Life happens, quite fast actually. Digital cameras become a thing faster than I could ever afford to buy a camera on my own. I never saw another Polaroid that close to me ever again.

The last photos I ever took with a 35mm film camera was in 2005, in a school trip to a nature conservation area. It was a friend’s camera and we all together bought one roll of film. I wonder where it is now.

Fast forward 23 years

Amsterdam, Netherlands, summer of 2022. I’ve left Brazil 10 years ago. I’ve been in the Netherlands for 5. Photography for me faded a long time ago - coincidentally when digital became a thing.

We get together to celebrate a mate’s birthday. It’s a sunny day by a beautiful canal, and there comes this friendly guy, which was a pleasure to meet. Not long after, he pulls out of his bag a Polaroid SX-70 and stars shooting. That was beautiful! I didn’t act as much as I was thinking about it, but I observed Connor take the best out of people. Get their curiosity, talk about it. This chap and his SX-70 brough me back to thinking it’s awesome, it’s magical […] it’s one of those cameras from the movies!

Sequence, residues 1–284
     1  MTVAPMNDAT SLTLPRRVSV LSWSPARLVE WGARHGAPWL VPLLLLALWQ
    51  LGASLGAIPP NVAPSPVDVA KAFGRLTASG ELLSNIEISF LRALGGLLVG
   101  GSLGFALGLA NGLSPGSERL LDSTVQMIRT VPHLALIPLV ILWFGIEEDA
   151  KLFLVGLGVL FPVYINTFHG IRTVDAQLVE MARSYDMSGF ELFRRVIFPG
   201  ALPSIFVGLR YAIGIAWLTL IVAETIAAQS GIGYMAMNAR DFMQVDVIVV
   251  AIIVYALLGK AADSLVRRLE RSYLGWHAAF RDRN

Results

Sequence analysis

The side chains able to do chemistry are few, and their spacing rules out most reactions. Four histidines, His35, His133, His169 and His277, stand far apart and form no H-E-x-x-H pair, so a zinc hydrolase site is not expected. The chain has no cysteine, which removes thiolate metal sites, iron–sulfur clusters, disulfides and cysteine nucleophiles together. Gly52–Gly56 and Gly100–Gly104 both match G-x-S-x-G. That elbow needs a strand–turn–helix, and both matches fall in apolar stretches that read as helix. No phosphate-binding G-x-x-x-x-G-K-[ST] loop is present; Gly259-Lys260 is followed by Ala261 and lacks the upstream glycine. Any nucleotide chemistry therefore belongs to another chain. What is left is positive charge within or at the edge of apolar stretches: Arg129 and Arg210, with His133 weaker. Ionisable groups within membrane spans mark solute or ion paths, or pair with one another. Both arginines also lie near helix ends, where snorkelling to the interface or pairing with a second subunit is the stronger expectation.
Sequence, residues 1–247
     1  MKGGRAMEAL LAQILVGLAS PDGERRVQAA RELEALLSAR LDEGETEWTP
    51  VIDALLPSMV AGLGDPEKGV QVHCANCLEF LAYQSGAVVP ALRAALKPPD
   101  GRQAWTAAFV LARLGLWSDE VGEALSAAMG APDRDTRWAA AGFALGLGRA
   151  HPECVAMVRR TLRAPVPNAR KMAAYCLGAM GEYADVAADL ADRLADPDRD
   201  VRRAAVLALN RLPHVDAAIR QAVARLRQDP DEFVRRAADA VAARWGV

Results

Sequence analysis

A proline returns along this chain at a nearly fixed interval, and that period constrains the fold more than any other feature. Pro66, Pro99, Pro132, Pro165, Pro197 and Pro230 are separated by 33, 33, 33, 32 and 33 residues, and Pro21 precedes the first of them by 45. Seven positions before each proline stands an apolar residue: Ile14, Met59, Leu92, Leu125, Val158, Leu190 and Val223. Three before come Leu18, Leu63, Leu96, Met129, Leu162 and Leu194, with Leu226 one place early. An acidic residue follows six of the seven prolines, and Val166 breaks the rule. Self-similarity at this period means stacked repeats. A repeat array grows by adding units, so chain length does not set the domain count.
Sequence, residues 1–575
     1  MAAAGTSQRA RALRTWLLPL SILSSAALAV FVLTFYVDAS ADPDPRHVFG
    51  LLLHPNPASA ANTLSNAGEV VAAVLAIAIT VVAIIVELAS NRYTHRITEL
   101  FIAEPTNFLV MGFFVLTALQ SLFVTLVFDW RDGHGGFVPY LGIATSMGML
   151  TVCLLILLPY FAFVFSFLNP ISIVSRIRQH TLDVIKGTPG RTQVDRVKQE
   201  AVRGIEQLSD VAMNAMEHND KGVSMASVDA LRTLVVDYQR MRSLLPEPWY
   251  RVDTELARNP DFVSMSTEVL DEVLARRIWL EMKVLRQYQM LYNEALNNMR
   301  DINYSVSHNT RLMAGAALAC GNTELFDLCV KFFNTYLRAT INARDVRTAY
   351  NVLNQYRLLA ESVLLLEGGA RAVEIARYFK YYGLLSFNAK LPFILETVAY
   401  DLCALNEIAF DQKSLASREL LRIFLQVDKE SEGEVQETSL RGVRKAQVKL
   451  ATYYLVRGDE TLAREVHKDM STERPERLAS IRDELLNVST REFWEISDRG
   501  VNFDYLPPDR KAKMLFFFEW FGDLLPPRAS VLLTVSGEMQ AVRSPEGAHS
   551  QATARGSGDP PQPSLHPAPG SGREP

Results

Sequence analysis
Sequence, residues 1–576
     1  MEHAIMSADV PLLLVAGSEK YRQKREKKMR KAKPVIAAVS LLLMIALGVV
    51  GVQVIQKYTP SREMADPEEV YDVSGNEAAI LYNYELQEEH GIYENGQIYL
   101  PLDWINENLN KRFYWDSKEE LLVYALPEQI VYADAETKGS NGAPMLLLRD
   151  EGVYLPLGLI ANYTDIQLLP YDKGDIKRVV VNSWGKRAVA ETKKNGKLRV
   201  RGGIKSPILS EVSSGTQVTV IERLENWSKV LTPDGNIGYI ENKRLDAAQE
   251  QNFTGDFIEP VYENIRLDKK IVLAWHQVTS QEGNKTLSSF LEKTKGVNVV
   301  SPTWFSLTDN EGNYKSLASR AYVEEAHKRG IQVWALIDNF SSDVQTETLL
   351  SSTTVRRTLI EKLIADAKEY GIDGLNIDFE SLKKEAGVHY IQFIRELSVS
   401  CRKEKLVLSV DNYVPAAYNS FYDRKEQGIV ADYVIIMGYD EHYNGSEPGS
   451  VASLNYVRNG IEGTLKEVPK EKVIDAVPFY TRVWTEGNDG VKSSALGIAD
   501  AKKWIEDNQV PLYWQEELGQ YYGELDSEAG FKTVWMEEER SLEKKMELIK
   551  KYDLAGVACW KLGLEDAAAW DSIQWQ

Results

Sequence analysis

Connor poses in one of his photos on Instagram Connor poses in one of his photos on Instagram.

Yes, when I got home I ordered myself one and, ever since, have been on a rabbit hole of film/instant photography! SEND HELP!

I’ve not jumped into a SLR or anything just yet, but I’ve found the Polaroid OneStep+ to be a decent compromise between new camera, old-ish look and good enough for my needs.

Polaroid OneStep+ After 23 years, my first Polaroid, the OneStep+.